Christopher Plummer may be the first actor in history to do his best work in his ninth decade of life.
By Noah Gittell
Christopher Plummer may be the first actor in history to do his best work in his ninth decade of life. After debuting to worldwide accolades in “The Sound of Music” in 1965, Plummer spent three decades weaving in and out of the public eye. In fact, mostly out. He never had another real moment again until 2011, when at 82 he won an Oscar for playing a late-blooming gay widower in “Beginners.” Since then, he has worked steadily and prominently, and has reached a new pinnacle in Atom Egoyan’s “Remember,” an efficient, prosaic mystery elevated by the spellbinding performance at its center.
Plummer plays Zev, a nursing home resident suffering from dementia. After the death of his wife, his friend Max (Martin Landau) sends him out on a mutually-agreed-upon mission, even though Zev doesn’t remember the details. His only guide is an explanatory letter from Max, which he constantly re-reads, as well as a list of four people with the same name. One of them is the Auschwitz guard who killed their families when Zev and Max were boys. Zev’s task is to investigate each person on the list, determine who is the guard, and enact vengeance.
It’s a nifty set-up, and while Egoyan effectively stages a few set pieces, “Remember” is mostly worth watching for the deeply layered work by Plummer. Zev must hide his confusion from the world but make it plain to the viewer. He holds his failing body with the posture of a younger, more confident man, and when he finds himself in dangerous situations — like when he inadvertently ends up in the home of a violent neo-Nazi (Dean Norris) — he is forced to defend himself with the acuity of an action hero. That’s not something we’re used to seeing octogenarians do, and it makes for thrills with even higher stakes.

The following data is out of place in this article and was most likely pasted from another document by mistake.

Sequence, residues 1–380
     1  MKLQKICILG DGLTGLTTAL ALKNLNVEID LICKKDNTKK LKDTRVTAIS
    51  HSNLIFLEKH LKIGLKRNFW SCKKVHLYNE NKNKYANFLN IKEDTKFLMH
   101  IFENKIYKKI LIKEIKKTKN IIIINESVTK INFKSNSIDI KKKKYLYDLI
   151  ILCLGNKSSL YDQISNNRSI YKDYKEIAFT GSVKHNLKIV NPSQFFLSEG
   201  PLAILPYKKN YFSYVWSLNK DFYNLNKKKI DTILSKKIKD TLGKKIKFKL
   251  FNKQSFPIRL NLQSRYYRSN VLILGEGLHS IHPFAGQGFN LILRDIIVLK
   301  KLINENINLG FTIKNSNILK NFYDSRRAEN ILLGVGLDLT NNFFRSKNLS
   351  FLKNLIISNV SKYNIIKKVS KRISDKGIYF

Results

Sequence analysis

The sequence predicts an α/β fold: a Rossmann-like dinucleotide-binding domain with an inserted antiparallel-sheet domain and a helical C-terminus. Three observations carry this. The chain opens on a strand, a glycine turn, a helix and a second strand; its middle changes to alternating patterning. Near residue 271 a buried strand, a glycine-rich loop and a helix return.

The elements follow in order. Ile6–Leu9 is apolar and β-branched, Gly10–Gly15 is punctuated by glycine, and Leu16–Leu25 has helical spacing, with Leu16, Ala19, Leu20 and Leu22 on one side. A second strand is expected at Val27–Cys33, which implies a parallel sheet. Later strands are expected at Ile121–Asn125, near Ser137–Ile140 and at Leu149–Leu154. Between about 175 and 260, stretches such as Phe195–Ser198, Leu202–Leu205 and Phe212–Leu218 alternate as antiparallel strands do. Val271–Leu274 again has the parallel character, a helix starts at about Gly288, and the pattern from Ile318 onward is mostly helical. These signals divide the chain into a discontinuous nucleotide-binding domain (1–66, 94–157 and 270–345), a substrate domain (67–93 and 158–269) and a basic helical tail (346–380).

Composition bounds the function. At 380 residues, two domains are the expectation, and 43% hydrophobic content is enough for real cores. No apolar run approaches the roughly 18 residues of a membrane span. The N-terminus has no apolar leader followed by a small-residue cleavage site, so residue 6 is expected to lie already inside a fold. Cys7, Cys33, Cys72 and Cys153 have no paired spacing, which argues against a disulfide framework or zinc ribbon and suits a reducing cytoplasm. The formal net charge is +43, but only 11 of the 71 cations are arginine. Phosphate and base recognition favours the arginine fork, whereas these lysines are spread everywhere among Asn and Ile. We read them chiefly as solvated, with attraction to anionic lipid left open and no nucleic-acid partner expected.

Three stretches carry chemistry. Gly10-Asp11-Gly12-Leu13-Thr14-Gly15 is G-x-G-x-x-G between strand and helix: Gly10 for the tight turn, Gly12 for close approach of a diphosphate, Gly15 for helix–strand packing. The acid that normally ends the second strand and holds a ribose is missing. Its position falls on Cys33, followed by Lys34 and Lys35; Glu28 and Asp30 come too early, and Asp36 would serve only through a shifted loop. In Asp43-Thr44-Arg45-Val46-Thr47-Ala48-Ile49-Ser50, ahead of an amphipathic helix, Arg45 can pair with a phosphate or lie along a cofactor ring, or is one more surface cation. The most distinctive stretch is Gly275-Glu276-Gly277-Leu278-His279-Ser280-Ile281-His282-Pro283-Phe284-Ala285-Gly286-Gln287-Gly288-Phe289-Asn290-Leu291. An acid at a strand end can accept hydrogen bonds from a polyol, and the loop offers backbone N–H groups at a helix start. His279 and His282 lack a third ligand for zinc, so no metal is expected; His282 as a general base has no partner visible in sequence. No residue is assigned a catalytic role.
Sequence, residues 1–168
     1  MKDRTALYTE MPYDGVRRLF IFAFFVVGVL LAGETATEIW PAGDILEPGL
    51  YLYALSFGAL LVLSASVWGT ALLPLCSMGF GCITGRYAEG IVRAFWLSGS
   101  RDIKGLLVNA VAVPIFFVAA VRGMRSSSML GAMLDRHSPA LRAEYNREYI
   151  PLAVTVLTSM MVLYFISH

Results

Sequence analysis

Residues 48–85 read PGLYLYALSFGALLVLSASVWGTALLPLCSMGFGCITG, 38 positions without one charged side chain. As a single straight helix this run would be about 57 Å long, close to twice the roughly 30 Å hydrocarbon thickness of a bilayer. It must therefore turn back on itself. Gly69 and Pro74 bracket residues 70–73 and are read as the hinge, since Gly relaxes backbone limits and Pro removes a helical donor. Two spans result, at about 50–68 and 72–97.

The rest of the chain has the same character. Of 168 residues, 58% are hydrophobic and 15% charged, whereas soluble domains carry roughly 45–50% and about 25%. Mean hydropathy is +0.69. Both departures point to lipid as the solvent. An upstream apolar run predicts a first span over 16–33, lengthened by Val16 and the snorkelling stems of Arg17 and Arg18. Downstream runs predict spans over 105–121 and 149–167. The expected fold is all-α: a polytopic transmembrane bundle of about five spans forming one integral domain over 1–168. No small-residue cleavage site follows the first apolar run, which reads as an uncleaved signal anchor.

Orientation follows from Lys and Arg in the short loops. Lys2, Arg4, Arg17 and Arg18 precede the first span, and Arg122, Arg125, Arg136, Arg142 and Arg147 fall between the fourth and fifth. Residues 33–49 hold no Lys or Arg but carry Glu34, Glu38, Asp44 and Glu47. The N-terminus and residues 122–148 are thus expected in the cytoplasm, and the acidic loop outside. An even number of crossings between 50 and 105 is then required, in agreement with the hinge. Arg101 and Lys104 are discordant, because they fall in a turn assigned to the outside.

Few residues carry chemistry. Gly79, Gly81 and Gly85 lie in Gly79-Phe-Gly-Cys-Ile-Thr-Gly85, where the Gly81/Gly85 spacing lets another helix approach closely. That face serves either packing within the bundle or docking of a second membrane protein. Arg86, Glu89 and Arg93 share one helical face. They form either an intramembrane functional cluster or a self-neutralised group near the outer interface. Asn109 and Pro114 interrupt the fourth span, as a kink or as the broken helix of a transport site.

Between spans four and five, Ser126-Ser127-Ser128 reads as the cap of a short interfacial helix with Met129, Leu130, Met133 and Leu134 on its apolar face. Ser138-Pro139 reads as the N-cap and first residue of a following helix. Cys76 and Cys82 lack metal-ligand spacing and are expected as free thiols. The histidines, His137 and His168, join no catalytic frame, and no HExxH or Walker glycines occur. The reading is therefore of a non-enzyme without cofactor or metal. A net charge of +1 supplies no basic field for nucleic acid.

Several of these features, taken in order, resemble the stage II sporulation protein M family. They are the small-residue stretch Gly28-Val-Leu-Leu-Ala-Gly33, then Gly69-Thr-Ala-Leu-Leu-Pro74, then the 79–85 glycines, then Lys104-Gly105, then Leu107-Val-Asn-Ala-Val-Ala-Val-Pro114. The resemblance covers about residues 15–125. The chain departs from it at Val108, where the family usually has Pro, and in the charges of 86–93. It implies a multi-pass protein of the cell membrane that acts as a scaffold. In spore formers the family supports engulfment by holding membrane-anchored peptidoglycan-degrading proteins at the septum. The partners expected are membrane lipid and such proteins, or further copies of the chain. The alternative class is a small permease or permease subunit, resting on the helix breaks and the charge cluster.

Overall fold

And yet, the drama conflicts with the film’s surprisingly bland visual style. Although Zev travels from New York to Cleveland to Boise to Reno, Egoyan has no apparent interest in showing the changing scenery. The film evokes the Beatles’ description of touring through Europe that serves as the genesis of Richard Lester’s “A Hard Day’s Night” — “It was a train and a room and a car and a room.” At least the uniformity serves a purpose here, representing a journey that is entirely internal. This is not an opportunity for sightseeing. The only time Zev’s surroundings are even noticeable is in the film’s harrowing climax, in which the beautifully-kept, upper-middle class home of his potential victim underscores the way his memory has been diluted by the trappings of the American dream.
And yet despite this depth of feeling and filmmaking acuity, some will still find the film’s thrills and revelations unearned, as they stem mostly from a withholding of information. The full contents of Max’s letter to Zev, for example, are revealed systematically, leaving the audience in the dark on matters of crucial importance. For viewers who resist such manipulations, “Remember” will be frustrating. But keep in mind that these tricks mirror the experience of our protagonist, who must re-assemble the narrative of his life in stops and starts.
It even speaks to our collective experience of the Holocaust itself. We are asked to “never forget,” but that urgent request becomes trickier as time marches on and the survivors leave this world in increasing numbers. Through this central metaphor and Plummer’s miraculous performance, “Remember” tackles both the urgency and the ever-increasing difficulty of honoring those we have lost.
My Rating: See it in the Theater